Work and Family

Although the “traditional” family—a father who works outside the home and financially supports the children and a mother whose work is keeping the house and raising the children—has been disappearing for more than a generation, our workplaces and government policies have not kept pace with America’s new reality.

Most children are growing up in homes with both parents working or with single parents. One-third of workers don’t have access to paid sick leave, and only 42 percent have paid personal leave. What’s the impact on public health when working people can’t afford to take sick days during a flu epidemic? Who takes care of a sick child? Who’s home to fix dinner and help with homework? Who can dedicate time to a sick elderly parent?

The recession and jobless recovery have complicated life further for working families, when having to leave work for a family emergency could lead to long-term unemployment.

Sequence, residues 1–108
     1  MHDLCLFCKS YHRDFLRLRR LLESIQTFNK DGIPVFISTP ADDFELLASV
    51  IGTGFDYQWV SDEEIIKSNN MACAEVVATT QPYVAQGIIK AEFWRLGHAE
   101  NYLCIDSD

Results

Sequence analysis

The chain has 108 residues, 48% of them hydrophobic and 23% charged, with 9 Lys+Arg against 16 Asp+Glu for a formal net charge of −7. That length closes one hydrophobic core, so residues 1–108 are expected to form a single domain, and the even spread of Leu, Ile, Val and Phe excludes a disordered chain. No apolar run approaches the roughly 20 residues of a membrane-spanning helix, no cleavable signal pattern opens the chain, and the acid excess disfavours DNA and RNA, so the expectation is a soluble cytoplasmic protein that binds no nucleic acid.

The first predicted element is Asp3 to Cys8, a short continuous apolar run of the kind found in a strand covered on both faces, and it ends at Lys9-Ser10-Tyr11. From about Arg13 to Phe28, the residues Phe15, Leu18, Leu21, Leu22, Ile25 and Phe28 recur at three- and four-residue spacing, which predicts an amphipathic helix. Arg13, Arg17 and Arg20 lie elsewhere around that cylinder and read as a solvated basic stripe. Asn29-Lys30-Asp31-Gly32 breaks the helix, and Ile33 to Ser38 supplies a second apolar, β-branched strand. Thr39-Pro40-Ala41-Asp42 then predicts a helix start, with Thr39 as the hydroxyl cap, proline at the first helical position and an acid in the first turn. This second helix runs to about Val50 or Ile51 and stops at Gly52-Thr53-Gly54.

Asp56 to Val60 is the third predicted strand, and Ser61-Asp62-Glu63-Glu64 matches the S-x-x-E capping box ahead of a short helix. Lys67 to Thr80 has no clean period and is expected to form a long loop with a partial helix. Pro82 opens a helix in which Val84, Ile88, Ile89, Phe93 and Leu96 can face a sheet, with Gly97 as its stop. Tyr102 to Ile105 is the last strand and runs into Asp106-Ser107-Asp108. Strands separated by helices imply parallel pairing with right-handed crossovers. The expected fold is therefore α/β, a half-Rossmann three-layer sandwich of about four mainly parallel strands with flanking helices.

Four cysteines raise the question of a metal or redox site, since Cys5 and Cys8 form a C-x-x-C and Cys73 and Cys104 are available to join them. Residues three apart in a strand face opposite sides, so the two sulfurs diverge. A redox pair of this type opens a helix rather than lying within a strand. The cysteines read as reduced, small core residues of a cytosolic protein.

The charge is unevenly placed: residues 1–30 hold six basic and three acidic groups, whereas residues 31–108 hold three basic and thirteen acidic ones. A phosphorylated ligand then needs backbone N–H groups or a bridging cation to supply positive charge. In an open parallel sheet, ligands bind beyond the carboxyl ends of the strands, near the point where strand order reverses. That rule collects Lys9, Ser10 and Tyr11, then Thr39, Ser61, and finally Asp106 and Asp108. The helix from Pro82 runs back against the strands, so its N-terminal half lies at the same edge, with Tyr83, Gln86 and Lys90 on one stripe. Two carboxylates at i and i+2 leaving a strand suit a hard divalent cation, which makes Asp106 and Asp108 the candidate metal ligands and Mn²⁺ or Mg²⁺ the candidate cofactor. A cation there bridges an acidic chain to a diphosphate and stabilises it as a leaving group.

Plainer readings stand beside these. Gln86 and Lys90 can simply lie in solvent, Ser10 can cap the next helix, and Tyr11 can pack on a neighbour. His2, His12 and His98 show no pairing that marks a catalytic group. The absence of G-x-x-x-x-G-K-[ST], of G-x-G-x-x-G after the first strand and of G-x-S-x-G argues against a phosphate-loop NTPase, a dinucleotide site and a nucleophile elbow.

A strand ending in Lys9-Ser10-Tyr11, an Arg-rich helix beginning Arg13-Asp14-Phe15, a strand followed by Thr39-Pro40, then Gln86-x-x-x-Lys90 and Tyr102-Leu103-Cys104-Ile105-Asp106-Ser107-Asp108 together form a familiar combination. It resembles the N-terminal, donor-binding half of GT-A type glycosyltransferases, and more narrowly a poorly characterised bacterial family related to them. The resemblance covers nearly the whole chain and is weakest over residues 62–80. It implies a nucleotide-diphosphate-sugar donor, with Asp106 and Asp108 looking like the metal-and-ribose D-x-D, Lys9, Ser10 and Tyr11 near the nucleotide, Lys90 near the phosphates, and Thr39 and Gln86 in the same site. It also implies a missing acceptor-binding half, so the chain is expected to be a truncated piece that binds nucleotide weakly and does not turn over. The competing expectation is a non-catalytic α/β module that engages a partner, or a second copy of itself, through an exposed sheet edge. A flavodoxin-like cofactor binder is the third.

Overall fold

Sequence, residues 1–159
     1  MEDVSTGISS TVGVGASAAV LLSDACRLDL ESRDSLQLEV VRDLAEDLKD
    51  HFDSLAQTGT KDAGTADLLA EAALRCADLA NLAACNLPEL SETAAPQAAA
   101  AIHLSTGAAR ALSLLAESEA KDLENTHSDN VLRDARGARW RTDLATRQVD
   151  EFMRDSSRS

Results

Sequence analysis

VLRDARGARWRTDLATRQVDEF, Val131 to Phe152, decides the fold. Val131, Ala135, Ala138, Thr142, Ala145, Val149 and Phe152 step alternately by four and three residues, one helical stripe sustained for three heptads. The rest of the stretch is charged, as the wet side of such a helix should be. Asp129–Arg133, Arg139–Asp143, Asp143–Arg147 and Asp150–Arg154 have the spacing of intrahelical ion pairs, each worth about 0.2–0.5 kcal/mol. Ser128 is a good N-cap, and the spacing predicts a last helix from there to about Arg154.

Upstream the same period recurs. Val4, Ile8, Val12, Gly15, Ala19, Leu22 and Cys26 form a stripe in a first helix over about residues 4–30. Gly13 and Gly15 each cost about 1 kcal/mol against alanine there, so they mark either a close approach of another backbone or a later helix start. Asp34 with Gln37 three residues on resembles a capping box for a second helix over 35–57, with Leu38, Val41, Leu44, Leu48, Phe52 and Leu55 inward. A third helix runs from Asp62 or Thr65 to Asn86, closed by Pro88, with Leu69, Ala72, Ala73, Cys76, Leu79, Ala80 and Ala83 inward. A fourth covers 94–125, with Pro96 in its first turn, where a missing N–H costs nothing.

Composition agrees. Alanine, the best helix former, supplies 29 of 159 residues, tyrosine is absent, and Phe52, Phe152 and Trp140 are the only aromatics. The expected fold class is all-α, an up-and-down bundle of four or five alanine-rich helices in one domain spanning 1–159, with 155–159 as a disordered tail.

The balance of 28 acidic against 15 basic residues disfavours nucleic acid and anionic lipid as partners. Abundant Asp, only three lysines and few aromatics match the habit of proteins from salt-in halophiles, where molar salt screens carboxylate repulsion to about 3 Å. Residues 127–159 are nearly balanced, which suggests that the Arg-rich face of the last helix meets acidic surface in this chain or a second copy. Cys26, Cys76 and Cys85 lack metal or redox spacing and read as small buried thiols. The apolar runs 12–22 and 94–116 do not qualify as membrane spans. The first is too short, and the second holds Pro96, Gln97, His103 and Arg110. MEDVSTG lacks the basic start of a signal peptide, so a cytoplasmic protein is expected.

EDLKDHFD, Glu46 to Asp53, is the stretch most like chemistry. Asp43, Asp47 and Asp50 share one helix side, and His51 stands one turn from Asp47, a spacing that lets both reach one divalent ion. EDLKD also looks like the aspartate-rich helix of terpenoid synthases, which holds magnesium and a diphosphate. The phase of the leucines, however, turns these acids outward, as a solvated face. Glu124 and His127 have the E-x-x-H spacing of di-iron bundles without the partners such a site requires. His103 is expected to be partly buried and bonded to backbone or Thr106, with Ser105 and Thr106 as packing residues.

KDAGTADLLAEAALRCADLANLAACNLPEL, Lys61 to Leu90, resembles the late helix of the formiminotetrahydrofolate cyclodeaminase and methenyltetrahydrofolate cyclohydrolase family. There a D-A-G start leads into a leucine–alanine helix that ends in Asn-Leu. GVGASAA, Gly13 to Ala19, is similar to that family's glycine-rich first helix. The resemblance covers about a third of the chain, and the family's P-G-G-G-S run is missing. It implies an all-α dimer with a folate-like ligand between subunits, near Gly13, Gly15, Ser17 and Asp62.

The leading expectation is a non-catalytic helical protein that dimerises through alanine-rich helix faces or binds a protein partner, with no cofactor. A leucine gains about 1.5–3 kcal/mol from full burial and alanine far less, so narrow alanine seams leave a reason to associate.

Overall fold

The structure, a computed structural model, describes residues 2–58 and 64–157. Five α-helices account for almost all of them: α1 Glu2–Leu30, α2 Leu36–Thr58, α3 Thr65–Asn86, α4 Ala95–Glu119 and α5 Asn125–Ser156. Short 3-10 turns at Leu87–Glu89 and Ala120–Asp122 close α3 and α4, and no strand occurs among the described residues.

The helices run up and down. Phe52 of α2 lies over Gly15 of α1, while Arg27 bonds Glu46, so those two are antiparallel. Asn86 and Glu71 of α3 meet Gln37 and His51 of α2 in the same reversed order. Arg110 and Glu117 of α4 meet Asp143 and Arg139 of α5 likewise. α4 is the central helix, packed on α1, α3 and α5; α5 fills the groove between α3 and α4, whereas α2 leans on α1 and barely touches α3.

More about this issue:

Jul 6, 2012 | Press Release

Read newspaper coverage of Labor's prevailing wage win quoting Vinny Alvarez.

NY POST: Mike loses labor fight in court 

By DAVID SEIFMAN and DAREH GREGORIAN

Apr 19, 2013 | News Story

A commonsense immigration reform bill was unveiled this week which offers a pathway to citizenship for millions of immigrants currently living in the United States.  The bill would also ensure that immigrants are covered by US labor law, including minimum wage and workplace safety requirements. 

Mar 21, 2013 | News Story

At the March 21, 2013 NYC CLC Executive Board meeting in March, a resolution was adopted in support of commonsense immigration reform.  The labor movement in New York City stands firmly in support of a pathway to citizenship in order to improve wages and labor standards for all workers.  The aspi

Apr 4, 2013 | News Story

On Thursday, April 4, 2013, hundreds of fast food restaurant workers in New York City staged a one-day strike to call attention to the mistreatment they face on the job and the low wages they receive.  Workers in the fast food industry make much less than they need to survive and many must rely o